Tag Archive: Stroke


Today it is eight years since John had his stroke. The week has also included Valentine’s Day.

John and I didn’t usually make a big deal about Valentine’s Day but that year he planned a weekend away. So we went the weekend before.

We had a beautiful room in the Blue Mountains looking straight down the Jamieson Valley. The weather wasn’t brilliant and the valley was full of clouds and fog. All part of being in the mountains.

We sat on the balcony on the Sunday morning and watched as the weather cleared and the glorious vista came into view.

John reminded me that I used to sing the lullaby “Down In The Valley” to our children to put them to sleep. I had completely forgotten because the children were by then young adults and it had been so long ago. It was lovely sitting there and being reminded.

Ten days later I sang that lullaby to him in the ICU so that the sedatives could be kept to a minimum. One nurse said, “keep on singing, it works.”

If he hadn’t reminded me of it the week before I doubt that I’d have thought of it. It’s a bittersweet memory for me.

Here’s a link to the song for those of you who don’t know it.

I’m walking this month to raise funds for stroke awareness and stroke rehabilitation. I’ve commoitted to 300km for the month of November, an average of 10km per day.

Today, my birthday (I’m 54) I walked 11km.

Walking.We all do it, every day.I spend most of my time figuring out how to do as little as possible.

However, doing the walking over the last eight days I’ve been thinking.

Life is a lonely walk at times, no matter how many people join you and no matter how much love surrounds you.

I had a wonderful day, with the added bonus of discovering a beautiful new walking path very close to home. It leads through parks down to my favourite beach.

But there was a big hole in the day. John didn’t share in the celebrations.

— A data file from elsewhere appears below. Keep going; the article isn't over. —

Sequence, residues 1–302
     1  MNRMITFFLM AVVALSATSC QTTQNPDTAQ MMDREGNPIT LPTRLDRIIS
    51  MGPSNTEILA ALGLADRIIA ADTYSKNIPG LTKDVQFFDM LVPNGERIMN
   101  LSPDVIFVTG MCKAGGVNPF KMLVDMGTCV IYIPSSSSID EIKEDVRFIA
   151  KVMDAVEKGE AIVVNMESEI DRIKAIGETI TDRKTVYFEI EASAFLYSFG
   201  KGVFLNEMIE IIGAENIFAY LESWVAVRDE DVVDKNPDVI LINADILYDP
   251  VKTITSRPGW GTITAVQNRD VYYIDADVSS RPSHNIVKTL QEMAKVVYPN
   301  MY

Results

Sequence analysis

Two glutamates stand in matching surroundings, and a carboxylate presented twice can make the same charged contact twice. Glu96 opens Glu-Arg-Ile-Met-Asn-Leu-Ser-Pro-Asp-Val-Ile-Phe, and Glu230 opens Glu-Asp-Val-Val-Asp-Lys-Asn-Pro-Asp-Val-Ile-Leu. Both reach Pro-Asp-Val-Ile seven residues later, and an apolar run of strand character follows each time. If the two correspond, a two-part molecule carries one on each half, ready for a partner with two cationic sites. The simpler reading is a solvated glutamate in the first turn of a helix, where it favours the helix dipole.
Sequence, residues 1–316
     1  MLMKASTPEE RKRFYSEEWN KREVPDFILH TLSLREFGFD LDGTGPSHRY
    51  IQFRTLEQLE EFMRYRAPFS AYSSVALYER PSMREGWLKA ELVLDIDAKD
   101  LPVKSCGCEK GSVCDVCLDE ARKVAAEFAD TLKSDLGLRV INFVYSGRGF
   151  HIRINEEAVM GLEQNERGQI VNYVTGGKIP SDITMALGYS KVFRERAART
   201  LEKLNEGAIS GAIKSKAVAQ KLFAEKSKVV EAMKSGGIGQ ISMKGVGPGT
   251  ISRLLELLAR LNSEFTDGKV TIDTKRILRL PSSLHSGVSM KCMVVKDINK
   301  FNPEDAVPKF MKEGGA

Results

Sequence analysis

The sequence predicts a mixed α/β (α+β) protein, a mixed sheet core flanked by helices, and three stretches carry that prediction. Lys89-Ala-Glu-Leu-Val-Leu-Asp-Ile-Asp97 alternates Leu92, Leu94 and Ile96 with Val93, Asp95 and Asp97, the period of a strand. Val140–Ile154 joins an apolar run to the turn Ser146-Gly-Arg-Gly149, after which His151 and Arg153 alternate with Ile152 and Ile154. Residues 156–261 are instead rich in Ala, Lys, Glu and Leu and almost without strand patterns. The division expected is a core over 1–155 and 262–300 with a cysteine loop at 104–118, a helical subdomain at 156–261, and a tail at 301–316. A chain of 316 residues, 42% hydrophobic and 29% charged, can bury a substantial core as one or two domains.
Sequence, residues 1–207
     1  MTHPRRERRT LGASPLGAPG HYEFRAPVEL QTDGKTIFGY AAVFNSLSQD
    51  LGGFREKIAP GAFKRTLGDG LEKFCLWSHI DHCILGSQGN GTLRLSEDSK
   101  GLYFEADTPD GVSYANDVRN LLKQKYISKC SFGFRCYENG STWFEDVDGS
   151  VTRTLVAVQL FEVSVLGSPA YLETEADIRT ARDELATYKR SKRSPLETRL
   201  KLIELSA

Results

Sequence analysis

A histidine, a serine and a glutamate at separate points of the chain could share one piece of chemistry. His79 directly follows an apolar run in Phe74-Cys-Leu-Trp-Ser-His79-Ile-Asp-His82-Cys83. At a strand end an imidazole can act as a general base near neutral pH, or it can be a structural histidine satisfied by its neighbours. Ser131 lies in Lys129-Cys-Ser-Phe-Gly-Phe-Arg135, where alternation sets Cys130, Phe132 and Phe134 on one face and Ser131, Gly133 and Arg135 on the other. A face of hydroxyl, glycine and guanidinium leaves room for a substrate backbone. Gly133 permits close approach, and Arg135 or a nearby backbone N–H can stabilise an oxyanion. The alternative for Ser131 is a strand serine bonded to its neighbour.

I’ve finally realised that that I’m doing this walk on my own. This month has become a metaphor for the long, lonely walk. Not just mine, but John’s.

If you would like to donate to the cause of stroke rehabilitation, here’s the link:

https://strideforstroke15.everydayhero.com/au/julie-2

We’re all doing the long, lonely walk.

Cheese

I was eating some rather smelly washed-rind cheese this evening.

I’m rather fond of the stuff, every now and then.

I remembered a time (back in the day) when I had bought some and it had stunk out the car in the time taken to transport it from shop to home.

John was rather cranky, I laughed at the crankiness.

Because cheese is delicious!

A few hours later I understood the crankiness because the car was still stinky.

This is a memory that only I now hold. John has forgotten it.

It is now only mine.

I remember the crankiness, laughter.

And the understanding.

Seven Years

Yesterday marked the seventh anniversary of that cataclysmic day.

Seven years, where did that time go? That’s what people say when they speak of their children growing, time passing, growing old.

John’s stroke was always going to be the five-year project, something we’d get through, overcome. Some lessons have been learned since then:

You can’t put a timeline on a brain, or a body.

Friends will appear where you least expect.

Old friends will react in their own way and there’s no judging because they are also feeling the loss.

New friends come along and you feel that you’ve known them forever.

And John doesn’t know who they are.

Our beloved children have grown up and are making me (us) proud, and I don’t really know how that happened.

Some very dear people of whom I thought badly have turned out to be the best friends of all.

Thank you.

Knitting

It’s Sunday, a balmy summer evening in Sydney with a cool nor-easterly blowing in. I’m knitting.

I’ve had a difficult few months. The optimism I’ve always had, and treasured, deserted me and I had been wondering why I should even try to continue living.